Tuesday, September 20, 2011

"Don't Ask, Don't Tell" Has Finally Ended!

Today marks the end of 18-years of discriminatory practices upheld by our nations military and the United States Congress. At 12:01am this morning, the repeal of "Don't Ask, Don't Tell," signed by President Obama last December went into full effect. Gay men and women can now serve openly in the US Military without fear of persecution or discharge. All pending DADT discharges have officially been halted, as well as investigations of violations of DADT.

In preparation for today, the military began accepting applications from openly gay recruits and formerly discharged members. These applications will be acted on and given full consideration today on.

History of "Don't Ask, Don't Tell"
Signed into law in 1993 under President Bill Clinton, DADT was thought to be a compromise measure to bypass an outright ban on gays serving in the US Military that was already in place. The Uniform Code of Military Justice established "that homosexuality is incompatible with military service and that persons who engaged in homosexual acts or stated that they are homosexual or bisexual were to be discharged." Passed by Congress in 1960 and signed into law by President Harry Truman, this also established the policies and procedures for discharging homosexual service members.

During his 1992 Presidential Campaign, then Arkansas Governor Bill Clinton promised he would allow all citizens to serve in the US Military regardless of their sexual orientation.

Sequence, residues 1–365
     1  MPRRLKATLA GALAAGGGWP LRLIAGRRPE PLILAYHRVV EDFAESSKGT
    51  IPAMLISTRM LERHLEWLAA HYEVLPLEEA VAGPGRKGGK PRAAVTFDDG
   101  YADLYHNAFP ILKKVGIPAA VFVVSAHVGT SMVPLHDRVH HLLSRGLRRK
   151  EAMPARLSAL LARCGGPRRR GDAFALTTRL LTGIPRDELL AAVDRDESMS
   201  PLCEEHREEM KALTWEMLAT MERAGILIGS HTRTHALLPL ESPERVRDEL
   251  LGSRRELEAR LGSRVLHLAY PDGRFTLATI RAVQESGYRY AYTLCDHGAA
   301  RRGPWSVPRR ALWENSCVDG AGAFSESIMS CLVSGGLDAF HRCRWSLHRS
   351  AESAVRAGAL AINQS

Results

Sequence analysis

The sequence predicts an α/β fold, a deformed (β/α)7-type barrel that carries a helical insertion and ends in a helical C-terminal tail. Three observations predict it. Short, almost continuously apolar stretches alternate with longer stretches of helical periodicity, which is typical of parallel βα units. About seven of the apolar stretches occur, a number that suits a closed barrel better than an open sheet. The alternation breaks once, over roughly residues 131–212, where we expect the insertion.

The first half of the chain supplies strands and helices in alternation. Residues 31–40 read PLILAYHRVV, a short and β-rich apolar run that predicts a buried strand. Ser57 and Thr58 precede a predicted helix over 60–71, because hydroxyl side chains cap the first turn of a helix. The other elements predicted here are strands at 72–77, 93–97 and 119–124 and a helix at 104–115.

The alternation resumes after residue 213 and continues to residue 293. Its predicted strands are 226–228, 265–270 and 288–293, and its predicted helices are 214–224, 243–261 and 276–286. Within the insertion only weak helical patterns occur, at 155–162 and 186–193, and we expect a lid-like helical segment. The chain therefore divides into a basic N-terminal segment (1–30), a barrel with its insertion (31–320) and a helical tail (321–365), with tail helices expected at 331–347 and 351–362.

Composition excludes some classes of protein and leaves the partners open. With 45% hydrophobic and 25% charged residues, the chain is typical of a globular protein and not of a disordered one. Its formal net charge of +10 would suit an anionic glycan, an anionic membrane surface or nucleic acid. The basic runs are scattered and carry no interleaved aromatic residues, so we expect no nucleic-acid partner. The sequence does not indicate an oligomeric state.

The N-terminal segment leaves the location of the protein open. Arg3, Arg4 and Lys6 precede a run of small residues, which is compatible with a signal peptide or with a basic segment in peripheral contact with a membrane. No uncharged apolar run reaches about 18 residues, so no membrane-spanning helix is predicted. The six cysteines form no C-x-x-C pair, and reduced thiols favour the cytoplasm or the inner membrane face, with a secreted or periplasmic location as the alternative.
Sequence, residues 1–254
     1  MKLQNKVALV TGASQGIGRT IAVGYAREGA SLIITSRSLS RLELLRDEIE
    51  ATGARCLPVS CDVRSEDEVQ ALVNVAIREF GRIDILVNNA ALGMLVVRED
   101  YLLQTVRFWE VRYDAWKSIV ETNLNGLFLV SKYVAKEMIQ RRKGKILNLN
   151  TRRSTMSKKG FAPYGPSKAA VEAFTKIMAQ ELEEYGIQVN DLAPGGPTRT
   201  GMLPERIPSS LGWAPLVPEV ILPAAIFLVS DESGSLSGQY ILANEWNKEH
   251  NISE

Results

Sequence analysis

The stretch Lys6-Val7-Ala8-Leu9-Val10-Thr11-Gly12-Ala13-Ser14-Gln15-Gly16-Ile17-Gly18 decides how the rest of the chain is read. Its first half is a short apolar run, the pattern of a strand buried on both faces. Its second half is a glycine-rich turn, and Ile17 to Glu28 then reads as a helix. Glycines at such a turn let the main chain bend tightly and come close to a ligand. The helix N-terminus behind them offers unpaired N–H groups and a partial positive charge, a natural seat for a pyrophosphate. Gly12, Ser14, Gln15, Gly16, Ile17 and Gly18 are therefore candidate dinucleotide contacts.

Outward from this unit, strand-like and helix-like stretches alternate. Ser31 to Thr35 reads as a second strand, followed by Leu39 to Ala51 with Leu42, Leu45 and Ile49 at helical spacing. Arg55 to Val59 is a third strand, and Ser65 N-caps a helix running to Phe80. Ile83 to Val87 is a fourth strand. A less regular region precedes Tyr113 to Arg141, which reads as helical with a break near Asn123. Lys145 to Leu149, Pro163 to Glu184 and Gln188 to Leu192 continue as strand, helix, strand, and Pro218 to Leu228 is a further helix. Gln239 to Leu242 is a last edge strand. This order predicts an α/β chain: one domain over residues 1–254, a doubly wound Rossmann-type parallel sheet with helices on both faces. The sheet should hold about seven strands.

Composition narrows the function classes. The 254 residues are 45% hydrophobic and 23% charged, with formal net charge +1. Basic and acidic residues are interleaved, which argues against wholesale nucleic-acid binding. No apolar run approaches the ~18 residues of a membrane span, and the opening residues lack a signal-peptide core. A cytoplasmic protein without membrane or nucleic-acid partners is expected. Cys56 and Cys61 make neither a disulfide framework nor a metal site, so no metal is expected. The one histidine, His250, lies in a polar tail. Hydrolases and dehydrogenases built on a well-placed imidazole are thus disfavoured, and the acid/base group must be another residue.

According to the Pentagon, "Don't Ask, Don't Tell" was responsible for 906 discharges of armed service members in 2002 and 1273 in 2001. These discharges included lesbian and gay Arabic linguists. During a time when the military was faced with a 50% shortfall in trained Arabic linguists "Don't Ask, Don't Tell" allowed for the firing of trained and qualified linguists because they were gay.

"Don't Ask, Don't Tell" did more harm than good for the nation.

Still more work to do.....

Benefit eligibility is still impeded by current US law. Because the "Defense of Marriage Act" is still the law of the land, gay service members and their spouses are still exempt from receiving the same military benefits as their heterosexual counterparts.

“Despite this progress, much work remains to ensure full equality in the military. The so-called Defense of Marriage Act (DOMA) will prohibit gay and lesbian service members and their spouses from receiving many of the benefits their straight counterparts receive. Limiting regulations also impact areas like military family housing, access to legal services, and spousal relocation support. We also are continuing to deal with an infrastructure ill-prepared to handle incidents of discrimination and harassment against gay and lesbian service members. It is incumbent upon fair-minded legislators to continue pushing equality forward by standing up to discriminatory legislative tactics, pushing for repeal of DOMA, examining barriers to service for qualified and dedicated transgender Americans, and ensuring gay and lesbian military families get the same access to benefits as everyone else.

Defense Secretary Leon Panetta and Joint Chiefs of Staff chairman Adm. Mike Mullen are expected to formally announce the finalizing of the "Don't Ask, Don't Tell" repeal at a news conference later today.

What should be done to ensure that gay service members are treated equally as they openly serve?

Did "Don't Ask, Don't Tell" weaken or strengthen the US Military?
Should the discharged service members be given top priority for enlistment?
What next steps should our US Congress take to ensure equality for all Americans?

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